Being a Chicago sports fan, I reflected upon the Derrick Rose injury in comparison to the history of Chicago sports (or, at least teams I care for – sorry Cubs [sorry you ever existed]). My initial reaction when thinking in this fashion was, that is probably the worst single event to happen to Chicago sports. Being one of context and logical thinking, the thought soon became, this is definitely the worst single event. This Derrick Rose’ Bulls team represents, not only a championship contender for the next handful of years, but one done correctly. They skip on the flash and posturing. They build themselves on hustle, D, modesty, team work, and are led by a gamer who embodies all of that and was born and raised within city limits.
It has taken me time, booze, and cigars to get to this post. In my advanced age, I have come to look at sports as pure entertainment. As a tyke, I felt a bond to the team as if I was as important as its paid employees. Years have come off the calendar, and I have come to realize that I am little more than a dollar bill. Hence, the transformation from teammate to paying customer (still overly loyal), on my part. Yet, when something like the Rose injury happens, it is hard to not feel like you are an integral part of the team and mourn for the loss as if it were a friend.
The multiple implications of the Rose injury is what makes it so tragic. Here you have a player who has done everything the right way (with maybe some shady U of Memphis dealing aside), being the antithesis of the typical ego/bling driven modern athlete – humble Chicagoan, representing the blue collar work ethic, and shining example of the American Dream. And then you see him crumple in the most unlikely circumstances. And in a flash, he is out until sometime next season. It is an injury that is so difficult to come back from and is equally difficult to be hopeful about. Yet, with a player built and wired like Rose, you have to think he is capable of willing himself back. On the other hand, with a player who’s game is dominated with explosive speed and twisting jumps, one becomes less optimistic about Rose achieving his former MVP status.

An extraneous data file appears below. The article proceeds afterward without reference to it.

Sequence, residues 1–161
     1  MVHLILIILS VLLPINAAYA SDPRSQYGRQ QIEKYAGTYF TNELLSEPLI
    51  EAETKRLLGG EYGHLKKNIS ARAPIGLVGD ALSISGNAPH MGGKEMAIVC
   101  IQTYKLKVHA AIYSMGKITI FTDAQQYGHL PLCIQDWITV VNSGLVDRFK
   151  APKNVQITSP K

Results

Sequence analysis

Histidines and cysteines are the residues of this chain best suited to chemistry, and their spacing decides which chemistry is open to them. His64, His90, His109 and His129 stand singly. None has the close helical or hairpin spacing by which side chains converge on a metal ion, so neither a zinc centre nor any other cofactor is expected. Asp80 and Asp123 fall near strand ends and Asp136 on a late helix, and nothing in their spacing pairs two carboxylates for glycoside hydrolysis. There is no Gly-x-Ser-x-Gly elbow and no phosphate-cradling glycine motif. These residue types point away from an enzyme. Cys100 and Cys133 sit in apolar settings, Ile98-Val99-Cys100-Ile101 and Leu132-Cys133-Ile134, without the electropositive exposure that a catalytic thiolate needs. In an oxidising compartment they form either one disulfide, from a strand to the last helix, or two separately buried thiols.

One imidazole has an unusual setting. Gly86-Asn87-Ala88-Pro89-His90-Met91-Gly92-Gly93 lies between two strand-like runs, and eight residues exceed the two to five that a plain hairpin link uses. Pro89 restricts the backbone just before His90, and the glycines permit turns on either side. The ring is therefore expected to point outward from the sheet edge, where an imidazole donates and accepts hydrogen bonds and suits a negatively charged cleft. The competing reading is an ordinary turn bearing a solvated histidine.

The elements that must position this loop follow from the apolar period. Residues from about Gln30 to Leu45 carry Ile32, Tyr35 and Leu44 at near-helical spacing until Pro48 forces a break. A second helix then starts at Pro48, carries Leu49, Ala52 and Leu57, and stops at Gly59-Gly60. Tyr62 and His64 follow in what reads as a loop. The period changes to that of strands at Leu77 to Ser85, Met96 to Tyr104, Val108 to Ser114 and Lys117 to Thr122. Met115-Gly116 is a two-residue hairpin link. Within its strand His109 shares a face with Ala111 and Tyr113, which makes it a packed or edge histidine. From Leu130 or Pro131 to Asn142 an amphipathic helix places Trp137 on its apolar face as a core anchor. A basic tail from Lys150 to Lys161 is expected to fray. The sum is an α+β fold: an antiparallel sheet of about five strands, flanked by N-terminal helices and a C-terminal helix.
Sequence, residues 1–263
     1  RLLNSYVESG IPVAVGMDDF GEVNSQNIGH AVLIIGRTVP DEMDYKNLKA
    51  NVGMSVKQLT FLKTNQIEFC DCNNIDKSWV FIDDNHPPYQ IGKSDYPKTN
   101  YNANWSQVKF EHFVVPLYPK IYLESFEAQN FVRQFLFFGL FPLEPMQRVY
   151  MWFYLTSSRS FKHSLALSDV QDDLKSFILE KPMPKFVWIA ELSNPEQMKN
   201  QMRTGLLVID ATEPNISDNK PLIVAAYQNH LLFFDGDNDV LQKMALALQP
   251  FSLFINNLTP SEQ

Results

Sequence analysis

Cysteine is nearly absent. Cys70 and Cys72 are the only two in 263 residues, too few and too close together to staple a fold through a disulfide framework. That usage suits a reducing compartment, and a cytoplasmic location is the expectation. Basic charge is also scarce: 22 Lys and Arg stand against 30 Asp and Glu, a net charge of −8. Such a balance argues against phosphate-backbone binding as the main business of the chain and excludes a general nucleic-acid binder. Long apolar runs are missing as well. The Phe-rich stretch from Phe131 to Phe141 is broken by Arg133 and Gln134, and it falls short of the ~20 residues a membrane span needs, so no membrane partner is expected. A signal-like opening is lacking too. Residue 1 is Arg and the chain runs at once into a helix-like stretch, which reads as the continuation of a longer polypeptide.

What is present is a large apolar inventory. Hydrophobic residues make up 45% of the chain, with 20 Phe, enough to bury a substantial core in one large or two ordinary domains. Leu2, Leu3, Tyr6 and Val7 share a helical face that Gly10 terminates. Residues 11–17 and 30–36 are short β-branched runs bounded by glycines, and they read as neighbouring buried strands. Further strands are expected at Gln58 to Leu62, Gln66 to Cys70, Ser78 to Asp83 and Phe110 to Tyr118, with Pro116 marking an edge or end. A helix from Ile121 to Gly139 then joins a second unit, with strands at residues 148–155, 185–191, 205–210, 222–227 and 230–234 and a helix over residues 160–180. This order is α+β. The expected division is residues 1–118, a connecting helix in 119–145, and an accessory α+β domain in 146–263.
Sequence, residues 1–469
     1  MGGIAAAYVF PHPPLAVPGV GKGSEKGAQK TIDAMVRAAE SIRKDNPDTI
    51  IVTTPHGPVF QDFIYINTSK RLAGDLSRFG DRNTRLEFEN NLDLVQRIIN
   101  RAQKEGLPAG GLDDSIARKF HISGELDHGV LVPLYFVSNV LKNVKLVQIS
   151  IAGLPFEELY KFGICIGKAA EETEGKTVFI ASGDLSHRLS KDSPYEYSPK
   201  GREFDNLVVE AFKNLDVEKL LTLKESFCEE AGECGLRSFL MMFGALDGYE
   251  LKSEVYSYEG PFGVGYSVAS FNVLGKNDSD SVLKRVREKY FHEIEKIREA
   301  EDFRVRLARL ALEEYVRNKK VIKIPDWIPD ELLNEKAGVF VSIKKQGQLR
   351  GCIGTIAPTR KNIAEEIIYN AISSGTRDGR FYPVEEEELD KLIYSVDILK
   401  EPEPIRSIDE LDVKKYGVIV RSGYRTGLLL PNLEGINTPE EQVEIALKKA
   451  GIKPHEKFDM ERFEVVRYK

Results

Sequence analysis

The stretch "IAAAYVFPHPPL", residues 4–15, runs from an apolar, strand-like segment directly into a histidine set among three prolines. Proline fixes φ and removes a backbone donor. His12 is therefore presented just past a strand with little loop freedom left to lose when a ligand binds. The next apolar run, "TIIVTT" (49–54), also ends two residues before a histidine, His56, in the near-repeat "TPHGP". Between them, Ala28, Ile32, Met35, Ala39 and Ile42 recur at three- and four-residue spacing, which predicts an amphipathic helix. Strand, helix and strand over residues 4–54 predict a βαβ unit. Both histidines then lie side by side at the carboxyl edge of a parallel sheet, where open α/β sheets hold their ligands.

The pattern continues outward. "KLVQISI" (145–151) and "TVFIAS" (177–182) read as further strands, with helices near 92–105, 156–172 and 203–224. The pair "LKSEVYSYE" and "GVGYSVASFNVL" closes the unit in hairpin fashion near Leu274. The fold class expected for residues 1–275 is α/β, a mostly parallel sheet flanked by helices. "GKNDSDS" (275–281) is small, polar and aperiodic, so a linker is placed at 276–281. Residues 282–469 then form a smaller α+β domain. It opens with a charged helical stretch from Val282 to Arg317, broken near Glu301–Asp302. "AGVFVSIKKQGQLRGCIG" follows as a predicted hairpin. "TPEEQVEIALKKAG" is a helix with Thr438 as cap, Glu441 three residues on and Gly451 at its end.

We could discuss why it happened (the compacted NBA schedule, Thibs over playing, etc.), but it is reality and the “why” hardly matters at this point. More than anything I hope the best for Rose. I could go on for pages about how this injury impacts not only this playoff run, but the entire future and approach of the Bulls’ front office, yet all of that is secondary to the well-being of the man who has brought the city of Chicago and all of its fans so much joy. (And this is coming from a heartless capitalist.) Best wishes, Da Rose. Get well, sir.